“Like Burger Kings and Botox clinics, AD (anxiety disorder) is disproportionately prevalent in the U.S. According to the most recent World Mental Health Survey, Americans are the most anxious humans on earth,” she goes on. “Forty million of us -- that's 28.8 percent -- suffer from the ailment that the National Institutes of Mental Health defines as ‘an excessive, irrational dread of everyday situations.”

By the way, I bring all this up to amplify my two most recent posts –- the one on the “New Survivalists” who, as you read this, are stocking their basements with still more canned goods, and yesterday's regarding the possibility that fear of apocalyptic cataclysm resides deep in our racial memory.

But racial memory or not, Americans seems to have a particular vulnerability to anxiety, as Maran notes in her article. “We're nine times more likely to be anxious than the Chinese laborers who assemble our children's toys, whose working and living conditions would make us run screaming for a Xanax IV. And 94.4 percent of Mexicans -- bone-crushing poverty and barbed-wire borders notwithstanding -- have never experienced a major episode of anxiety or depression. But move a Mexicano north of the border, according to a study in the December 2004 National Institutes of Health News, and his mental health will deteriorate faster than you can say ‘Campesinos sí, NAFTA no.’

Maran –- like you, like I -- wants to know why.

“I call on Patricia Pearson -- novelist, anxious person and author of A Brief History of Anxiety (Yours and Mine). The book is a genre-busting page turner: a portrait of Pearson's lifelong struggle with anxiety, melded with a journalistic investigation of what ails her, and me and us. ‘Mexicans have stronger family ties, deeper connections to their community, greater involvement in collective rituals through their churches and unions and schools,’ Pearson tells me. ‘And there's less onus on the individual in Mexico to achieve material success.’”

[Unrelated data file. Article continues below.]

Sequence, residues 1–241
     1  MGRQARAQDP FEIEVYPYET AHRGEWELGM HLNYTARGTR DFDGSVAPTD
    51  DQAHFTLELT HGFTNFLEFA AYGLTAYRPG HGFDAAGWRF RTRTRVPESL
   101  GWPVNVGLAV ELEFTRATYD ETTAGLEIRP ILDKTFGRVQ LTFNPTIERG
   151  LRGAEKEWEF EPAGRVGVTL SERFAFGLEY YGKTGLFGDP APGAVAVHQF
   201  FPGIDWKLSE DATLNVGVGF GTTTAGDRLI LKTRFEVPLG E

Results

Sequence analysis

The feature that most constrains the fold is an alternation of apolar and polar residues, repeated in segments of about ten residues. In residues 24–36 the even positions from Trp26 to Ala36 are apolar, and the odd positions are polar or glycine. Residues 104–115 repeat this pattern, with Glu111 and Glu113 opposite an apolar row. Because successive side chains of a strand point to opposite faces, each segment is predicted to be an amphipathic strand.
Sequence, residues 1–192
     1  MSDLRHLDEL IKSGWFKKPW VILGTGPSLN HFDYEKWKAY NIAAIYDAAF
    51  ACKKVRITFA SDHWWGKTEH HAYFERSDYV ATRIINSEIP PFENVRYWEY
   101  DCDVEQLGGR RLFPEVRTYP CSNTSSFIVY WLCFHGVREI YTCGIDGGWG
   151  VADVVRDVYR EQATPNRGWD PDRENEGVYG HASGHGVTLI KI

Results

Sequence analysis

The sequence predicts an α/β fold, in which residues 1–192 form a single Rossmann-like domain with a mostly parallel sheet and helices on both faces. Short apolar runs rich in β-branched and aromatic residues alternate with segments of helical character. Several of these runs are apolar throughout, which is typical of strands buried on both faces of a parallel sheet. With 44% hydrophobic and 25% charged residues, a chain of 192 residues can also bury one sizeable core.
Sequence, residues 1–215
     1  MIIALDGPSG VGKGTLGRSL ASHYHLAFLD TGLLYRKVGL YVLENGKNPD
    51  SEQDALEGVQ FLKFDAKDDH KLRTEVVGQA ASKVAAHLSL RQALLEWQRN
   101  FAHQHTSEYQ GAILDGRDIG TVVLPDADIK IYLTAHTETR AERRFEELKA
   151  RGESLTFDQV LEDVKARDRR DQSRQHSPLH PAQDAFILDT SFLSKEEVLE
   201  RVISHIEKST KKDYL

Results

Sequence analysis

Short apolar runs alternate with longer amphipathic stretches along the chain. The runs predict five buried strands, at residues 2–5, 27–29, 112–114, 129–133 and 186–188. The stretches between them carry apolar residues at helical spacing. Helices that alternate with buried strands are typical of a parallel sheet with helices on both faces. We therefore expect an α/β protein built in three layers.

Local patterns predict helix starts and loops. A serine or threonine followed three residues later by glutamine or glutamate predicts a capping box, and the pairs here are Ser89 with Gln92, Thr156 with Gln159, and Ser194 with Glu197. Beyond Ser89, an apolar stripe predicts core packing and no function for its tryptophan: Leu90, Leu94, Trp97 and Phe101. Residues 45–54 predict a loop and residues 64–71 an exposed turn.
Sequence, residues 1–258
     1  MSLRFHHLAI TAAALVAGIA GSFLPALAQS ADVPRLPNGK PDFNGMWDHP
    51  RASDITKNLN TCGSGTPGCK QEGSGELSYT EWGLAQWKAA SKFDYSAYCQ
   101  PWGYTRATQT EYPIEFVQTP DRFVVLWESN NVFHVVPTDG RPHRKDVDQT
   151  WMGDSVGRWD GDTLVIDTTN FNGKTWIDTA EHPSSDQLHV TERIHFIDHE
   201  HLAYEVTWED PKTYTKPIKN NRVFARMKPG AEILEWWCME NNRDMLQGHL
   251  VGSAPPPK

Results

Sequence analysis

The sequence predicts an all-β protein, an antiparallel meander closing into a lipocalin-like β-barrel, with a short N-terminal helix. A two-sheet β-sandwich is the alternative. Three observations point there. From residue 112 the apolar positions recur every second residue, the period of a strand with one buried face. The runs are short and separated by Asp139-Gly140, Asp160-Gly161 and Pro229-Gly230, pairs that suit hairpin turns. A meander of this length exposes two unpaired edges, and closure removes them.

From there, Maran summarizes her own experiences with various therapies and, of course, antidepressants.

(To bring you up to speed, I believe certain antidepressants are valuable for certain people. They can be literal life savers. However, I shudder at the number of people I know who are on them because the medical/pharmaceutical industry treats antipressants as a panacea for almost any negative mood, many of which are natural to our lives as human beings.)

Okay, back to Maran. She and Pearson discuss antidepressants, which Maran refers to as “Pain Begone.”

She writes: “’Drugs can be helpful,’ Pearson allows. ‘But in my case they never resolved the underlying issues.’”


Wednesday, June 11, 2008

Blame Our Collective Memory

The Mayan Calendar, after many thousands of years of accuracy, is believed to come to an end on December 21, 2012. Speculation of apocalyptic events and cataclysm will doubtlessly escalate between now and the end date.

My previous post about the so-called New Survivalism reminds me that so much of our day-to-day experience is influenced by beliefs, recollections and emotions, even those that are extremely deep seated in the depths of our minds. We all know people who are natural optimists and other people who meet every new event and concept with fear and trepidation.